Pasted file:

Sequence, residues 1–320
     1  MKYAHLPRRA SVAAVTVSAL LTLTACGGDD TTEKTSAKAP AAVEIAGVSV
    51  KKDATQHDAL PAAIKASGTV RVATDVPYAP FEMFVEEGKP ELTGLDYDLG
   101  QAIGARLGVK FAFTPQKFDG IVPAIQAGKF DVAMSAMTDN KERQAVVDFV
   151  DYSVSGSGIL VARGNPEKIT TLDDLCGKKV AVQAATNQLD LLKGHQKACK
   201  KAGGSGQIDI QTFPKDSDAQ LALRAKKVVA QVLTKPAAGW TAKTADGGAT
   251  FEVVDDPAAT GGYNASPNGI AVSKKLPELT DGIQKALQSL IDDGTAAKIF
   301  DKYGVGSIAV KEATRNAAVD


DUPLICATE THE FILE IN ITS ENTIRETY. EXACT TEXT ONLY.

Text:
Sequence, residues 1–320
     1  MKYAHLPRRA SVAAVTVSAL LTLTACGGDD TTEKTSAKAP AAVEIAGVSV
    51  KKDATQHDAL PAAIKASGTV RVATDVPYAP FEMFVEEGKP ELTGLDYDLG
   101  QAIGARLGVK FAFTPQKFDG IVPAIQAGKF DVAMSAMTDN KERQAVVDFV
   151  DYSVSGSGIL VARGNPEKIT TLDDLCGKKV AVQAATNQLD LLKGHQKACK
   201  KAGGSGQIDI QTFPKDSDAQ LALRAKKVVA QVLTKPAAGW TAKTADGGAT
   251  FEVVDDPAAT GGYNASPNGI AVSKKLPELT DGIQKALQSL IDDGTAAKIF
   301  DKYGVGSIAV KEATRNAAVD